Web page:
Later that same year, Osborne would again be staggered by sound, this time courtesy of The Dirty Dozen Brass Band at the New Orleans Jazz and Heritage Festival. “It just completely blew my mind,” he said. Years later, Dirty Dozen founding member Kirk Joseph would join Osborne’s band as a sousaphone player and the two would go on to share many a stage together, Jazz Fest included. “When you hook up with your mentors and people you look up to it’s a real experience. I still admire him so much.” 

A genuine love for music, and a serious disenchantment with the business of it, led Osborne to form his own record label, Back On Dumaine. “We were forced to do something different. It’s a challenge, but I’m going to be honest, I like a challenge.” Osborne released “Buddha and the Blues” and his two previous records on Back On Dumaine. “It’s a weird endeavor to get into a business that’s dying, but it’s our passion, we love it. The idea was for me to have a label and not be so dependent on other people for this process,” Osborne said. He hopes to extend that same sense of freedom and creative comradery to other artists, “We’re trying to expand. My idea is to set up something really grass roots. I want to help a bunch of other people locally make records. Bring it back to vinyl, create a nice community, get everyone involved in a passionate project and see if that can stimulate a little growth.”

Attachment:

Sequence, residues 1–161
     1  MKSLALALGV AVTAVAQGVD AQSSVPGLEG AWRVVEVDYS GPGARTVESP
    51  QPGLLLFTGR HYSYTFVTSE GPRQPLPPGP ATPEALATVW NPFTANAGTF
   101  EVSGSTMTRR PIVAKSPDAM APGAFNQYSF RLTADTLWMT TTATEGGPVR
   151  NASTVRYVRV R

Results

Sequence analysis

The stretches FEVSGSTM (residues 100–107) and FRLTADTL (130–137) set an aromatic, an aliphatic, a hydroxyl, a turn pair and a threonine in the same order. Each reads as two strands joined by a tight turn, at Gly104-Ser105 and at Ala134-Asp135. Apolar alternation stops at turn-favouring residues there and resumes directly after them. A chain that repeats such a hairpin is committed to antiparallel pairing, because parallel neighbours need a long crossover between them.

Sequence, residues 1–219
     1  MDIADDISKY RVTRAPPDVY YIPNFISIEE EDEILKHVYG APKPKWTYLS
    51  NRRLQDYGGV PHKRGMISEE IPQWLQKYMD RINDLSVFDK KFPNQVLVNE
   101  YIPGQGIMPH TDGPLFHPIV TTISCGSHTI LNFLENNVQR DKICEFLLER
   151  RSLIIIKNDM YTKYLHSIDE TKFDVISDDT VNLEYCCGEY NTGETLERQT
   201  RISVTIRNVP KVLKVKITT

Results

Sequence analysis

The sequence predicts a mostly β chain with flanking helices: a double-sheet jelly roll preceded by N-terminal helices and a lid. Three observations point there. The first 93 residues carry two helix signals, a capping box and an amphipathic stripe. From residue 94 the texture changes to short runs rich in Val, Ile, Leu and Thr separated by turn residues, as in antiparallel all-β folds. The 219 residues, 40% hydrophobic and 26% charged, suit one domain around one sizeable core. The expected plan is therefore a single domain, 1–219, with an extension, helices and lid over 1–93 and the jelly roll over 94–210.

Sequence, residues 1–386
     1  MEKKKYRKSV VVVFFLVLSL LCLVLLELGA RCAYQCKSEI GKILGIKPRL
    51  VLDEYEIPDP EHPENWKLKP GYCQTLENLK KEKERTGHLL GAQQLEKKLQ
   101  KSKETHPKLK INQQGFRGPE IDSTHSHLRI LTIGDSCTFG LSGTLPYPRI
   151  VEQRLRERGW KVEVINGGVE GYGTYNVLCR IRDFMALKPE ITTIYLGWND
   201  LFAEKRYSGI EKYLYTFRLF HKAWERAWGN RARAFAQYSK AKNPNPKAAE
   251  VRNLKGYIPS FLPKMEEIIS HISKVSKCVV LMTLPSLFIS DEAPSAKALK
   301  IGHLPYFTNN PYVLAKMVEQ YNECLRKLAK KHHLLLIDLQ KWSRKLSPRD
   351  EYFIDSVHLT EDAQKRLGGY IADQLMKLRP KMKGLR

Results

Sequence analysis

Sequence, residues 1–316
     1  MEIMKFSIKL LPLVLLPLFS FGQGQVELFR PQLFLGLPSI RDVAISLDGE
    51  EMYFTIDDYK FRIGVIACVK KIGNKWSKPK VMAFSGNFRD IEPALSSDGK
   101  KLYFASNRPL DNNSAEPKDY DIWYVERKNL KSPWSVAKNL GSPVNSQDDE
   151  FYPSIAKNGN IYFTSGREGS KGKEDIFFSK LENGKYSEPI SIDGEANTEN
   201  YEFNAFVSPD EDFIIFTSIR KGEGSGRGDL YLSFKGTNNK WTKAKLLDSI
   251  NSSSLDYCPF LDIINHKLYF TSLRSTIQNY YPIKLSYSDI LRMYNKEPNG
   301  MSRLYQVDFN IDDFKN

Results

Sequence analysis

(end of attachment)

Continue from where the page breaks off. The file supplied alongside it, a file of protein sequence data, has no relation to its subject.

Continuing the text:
A vinyl enthusiast, Osborne leans towards brevity in album length. “It can’t be too long. I don’t want to listen to 16 songs. Nobody has that much to say except maybe an author, maybe Tolkien,” said Osborne with a laugh. “I like 35 minutes. It’s perfect, you can check it out, jam to it and move on to something else.” True to the adage of practice what you preach, “Buddha and the Blues” clocks in at under 40 minutes.